Harding’s ‘Bad News Bears’ enjoy lacrosse success
That success includes three consecutive trips to the Men’s Collegiate Lacrosse Association’s national championship. The team finished its 2007 season with a record of 9-2 and the title of Great Rivers Lacrosse Conference champions for Division B.
In terms of logic, Bates sees the team’s success as “something that shouldn’t have happened.”
“The program starting and growing the way it has — I can’t explain it,” he said.
‘THE FASTEST SPORT ON TWO FEET’
In a state dominated by fans of college football and NASCAR racing, lacrosse doesn’t get a lot of attention.
“There’s no one actually on the team from the state of Arkansas,” said team president George Wadsworth, a senior social work major from Vero Beach, Fla.
But the sport is one of the fastest-growing among American youths, according to Sports Illustrated. Unlike American football or basketball, players don’t have to be large or tall to be good.
“The goal is to get a 3-inch, solid rubber ball into a 6-foot-by-6-foot goal, making it one of the most difficult sports for a goalie to play,” Bates said. “The shots can get upwards of 100 miles per hour. … It is considered the fastest sport on two feet because of the speed the ball travels and the fact that you can go as fast as you can run.”
Each goal is worth one point, and the game is comprised of four, 15-minute quarters. Ten players are required to fill out the field, with most rosters having 20 or even 30 players.
Harding’s squad started with a humble 15 players, many of whom had never played lacrosse in their lives.
Neither had their coach.
Bates planned to coach the new team himself, but the league stipulated that the coach couldn’t be a student. So he and team co-founder John Tommassoni enlisted John Webber, a computer tech at the Harding library. Webber read up on the sport and led his young team onto the field, with Bates as defensive coordinator and Tommassoni handling offense.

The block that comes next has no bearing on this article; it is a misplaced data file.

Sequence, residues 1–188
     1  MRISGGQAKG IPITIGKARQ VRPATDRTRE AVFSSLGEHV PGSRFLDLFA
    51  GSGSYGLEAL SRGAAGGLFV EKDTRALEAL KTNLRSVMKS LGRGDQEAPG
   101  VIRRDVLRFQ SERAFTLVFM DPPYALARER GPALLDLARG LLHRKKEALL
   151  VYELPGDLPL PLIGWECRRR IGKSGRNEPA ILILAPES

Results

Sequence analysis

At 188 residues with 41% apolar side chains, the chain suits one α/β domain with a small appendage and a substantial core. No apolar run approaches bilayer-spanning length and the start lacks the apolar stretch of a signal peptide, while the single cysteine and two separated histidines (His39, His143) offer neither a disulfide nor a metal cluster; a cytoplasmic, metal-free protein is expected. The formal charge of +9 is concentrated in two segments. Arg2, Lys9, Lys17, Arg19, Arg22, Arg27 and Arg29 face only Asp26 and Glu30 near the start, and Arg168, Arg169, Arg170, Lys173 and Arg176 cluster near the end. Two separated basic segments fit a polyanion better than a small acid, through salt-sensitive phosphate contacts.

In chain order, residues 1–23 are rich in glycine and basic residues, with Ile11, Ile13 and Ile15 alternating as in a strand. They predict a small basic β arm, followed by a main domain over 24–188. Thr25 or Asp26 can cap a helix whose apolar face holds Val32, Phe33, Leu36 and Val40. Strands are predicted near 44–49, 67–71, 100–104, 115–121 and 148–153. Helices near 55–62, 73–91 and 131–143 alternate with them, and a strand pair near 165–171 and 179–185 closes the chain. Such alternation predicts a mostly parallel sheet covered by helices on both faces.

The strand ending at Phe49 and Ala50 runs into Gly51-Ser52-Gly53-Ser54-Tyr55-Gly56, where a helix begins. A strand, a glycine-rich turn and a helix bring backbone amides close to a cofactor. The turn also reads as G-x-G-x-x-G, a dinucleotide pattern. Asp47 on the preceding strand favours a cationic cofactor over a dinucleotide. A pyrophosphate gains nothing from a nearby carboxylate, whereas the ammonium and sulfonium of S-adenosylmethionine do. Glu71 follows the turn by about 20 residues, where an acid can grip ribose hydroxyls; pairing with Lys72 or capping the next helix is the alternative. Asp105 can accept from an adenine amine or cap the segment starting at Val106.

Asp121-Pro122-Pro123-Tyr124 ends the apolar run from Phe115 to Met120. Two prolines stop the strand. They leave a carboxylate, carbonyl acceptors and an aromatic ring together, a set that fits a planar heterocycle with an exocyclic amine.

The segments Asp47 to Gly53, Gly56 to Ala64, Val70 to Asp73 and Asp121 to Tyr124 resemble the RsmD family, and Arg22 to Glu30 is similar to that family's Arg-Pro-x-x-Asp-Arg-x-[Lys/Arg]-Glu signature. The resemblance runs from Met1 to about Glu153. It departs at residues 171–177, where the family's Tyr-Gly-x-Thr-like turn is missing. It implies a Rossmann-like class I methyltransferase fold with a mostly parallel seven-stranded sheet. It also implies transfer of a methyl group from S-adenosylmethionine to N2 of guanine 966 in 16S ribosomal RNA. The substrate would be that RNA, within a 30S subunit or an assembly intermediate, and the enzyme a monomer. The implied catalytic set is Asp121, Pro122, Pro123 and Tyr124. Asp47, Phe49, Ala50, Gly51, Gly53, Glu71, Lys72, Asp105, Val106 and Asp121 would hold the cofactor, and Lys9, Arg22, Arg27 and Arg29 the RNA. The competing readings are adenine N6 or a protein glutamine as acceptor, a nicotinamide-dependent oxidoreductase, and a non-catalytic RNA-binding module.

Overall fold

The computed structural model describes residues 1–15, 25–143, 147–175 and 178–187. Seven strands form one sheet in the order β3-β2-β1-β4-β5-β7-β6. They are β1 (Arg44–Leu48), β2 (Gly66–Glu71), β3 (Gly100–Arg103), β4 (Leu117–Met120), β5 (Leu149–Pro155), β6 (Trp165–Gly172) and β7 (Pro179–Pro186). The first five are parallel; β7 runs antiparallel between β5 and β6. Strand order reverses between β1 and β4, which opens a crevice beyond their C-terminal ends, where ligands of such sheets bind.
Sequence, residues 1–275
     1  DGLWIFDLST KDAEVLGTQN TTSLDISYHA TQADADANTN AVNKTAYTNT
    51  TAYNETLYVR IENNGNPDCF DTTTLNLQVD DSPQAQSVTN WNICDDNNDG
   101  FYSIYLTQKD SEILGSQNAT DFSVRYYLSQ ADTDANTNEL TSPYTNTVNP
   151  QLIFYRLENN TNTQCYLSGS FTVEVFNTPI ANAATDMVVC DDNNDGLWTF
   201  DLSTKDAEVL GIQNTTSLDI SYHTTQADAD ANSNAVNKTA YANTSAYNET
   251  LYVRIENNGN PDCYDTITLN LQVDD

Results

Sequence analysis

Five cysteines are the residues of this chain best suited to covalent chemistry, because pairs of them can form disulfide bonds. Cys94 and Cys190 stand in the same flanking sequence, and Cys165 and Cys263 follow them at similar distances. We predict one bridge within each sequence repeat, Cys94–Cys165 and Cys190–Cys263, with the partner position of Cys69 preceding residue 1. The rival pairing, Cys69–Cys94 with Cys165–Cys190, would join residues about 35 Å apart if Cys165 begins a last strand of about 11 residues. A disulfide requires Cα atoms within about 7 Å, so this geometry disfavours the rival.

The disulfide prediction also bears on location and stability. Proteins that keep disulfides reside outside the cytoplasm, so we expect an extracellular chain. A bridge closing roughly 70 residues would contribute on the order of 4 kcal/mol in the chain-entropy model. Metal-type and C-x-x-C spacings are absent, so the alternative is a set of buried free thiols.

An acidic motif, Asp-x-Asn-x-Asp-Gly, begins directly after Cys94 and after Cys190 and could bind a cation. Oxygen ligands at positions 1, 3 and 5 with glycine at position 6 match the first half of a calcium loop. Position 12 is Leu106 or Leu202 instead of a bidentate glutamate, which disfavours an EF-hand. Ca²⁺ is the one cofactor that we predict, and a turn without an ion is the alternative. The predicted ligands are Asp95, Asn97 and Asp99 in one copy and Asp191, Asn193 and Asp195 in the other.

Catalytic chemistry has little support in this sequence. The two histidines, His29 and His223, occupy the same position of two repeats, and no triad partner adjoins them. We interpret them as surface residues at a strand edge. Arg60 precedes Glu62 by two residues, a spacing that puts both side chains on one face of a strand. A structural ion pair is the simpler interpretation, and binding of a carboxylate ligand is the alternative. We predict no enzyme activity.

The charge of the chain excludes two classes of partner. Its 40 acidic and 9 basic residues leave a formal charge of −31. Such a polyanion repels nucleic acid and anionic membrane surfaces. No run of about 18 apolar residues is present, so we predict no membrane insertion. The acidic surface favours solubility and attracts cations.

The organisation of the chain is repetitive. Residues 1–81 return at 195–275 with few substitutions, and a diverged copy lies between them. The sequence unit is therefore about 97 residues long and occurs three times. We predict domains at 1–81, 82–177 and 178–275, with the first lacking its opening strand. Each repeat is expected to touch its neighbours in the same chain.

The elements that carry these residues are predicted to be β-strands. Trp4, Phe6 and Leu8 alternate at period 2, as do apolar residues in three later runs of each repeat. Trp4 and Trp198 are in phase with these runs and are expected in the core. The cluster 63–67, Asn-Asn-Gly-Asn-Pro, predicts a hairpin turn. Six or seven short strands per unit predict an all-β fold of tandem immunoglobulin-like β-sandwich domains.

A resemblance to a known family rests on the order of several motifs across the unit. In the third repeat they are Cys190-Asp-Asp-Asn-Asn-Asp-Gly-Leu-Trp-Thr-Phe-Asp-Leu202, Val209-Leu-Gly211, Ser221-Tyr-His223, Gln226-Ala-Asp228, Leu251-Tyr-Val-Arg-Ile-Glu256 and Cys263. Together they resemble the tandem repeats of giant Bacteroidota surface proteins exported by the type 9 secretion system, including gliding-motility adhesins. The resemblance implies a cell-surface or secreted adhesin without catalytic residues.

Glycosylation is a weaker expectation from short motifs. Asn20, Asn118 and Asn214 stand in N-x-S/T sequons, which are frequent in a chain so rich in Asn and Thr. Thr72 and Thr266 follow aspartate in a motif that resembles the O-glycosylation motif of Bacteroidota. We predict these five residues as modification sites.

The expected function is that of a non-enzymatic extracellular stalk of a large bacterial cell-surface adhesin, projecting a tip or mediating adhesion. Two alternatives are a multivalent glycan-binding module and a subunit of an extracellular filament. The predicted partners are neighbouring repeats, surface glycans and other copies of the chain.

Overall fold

Understandably, their first season was less than spectacular.
“We were the Bad News Bears,” Webber said. “The first year we were 1-7 — and the only victory came from a forfeit of a team not showing up for a game.”
In the offseason, Webber and the players wrote other coaches and programs for ideas and drills. The next season, the team improved remarkably, finishing with a 6-4 record.
This year, the team took 19 players to the national tournament in Frisco, Texas. Most of their competitors had at least 32 players, said Bates, who took over head coaching duties last year.
Playing lacrosse at Harding remains a labor of love. Students raise money to play, and this year each player contributed $500 out of pocket to help cover expenses.
In addition, each player purchases his own equipment, which can cost up to $300, and the team stays in the homes of church members for away games.
“It is totally worth it,” Wadsworth said. “It’s great sport … it’s a great group of guys. I’ve heard it said, when you compare $800 to the $18,000 college costs, it’s a drop in the bucket and enhances your college experience.”
‘A GREAT GUY TO PLAY FOR’
Coaching lacrosse also means sacrifice for Bates, who is completing an MBA degree at Harding. The job pays only a small stipend, so Bates spends his spare time working as a contractor in Searcy to make ends meet.
“I would love to stay and coach these guys,” he said. But, if he has to leave, “the program has grown to a level where they could find a coach better than me. That’s a positive thing.”
But, according to Wadsworth, the team already has a great coach.
“He has a good knowledge of the game and a real passion for Lacrosse,” the team president said. “He has a lot of fun with it … and is a great guy to play for.”
For Bates, success on the field doesn’t compare to the teamwork and maturity he’s seen among his players.
“I’m very blessed to be a part of the program and to get to see their growth,” he said, “to see who they started out as and who they are becoming.”
FOR MORE INFORMATION, see harding.ialax.com.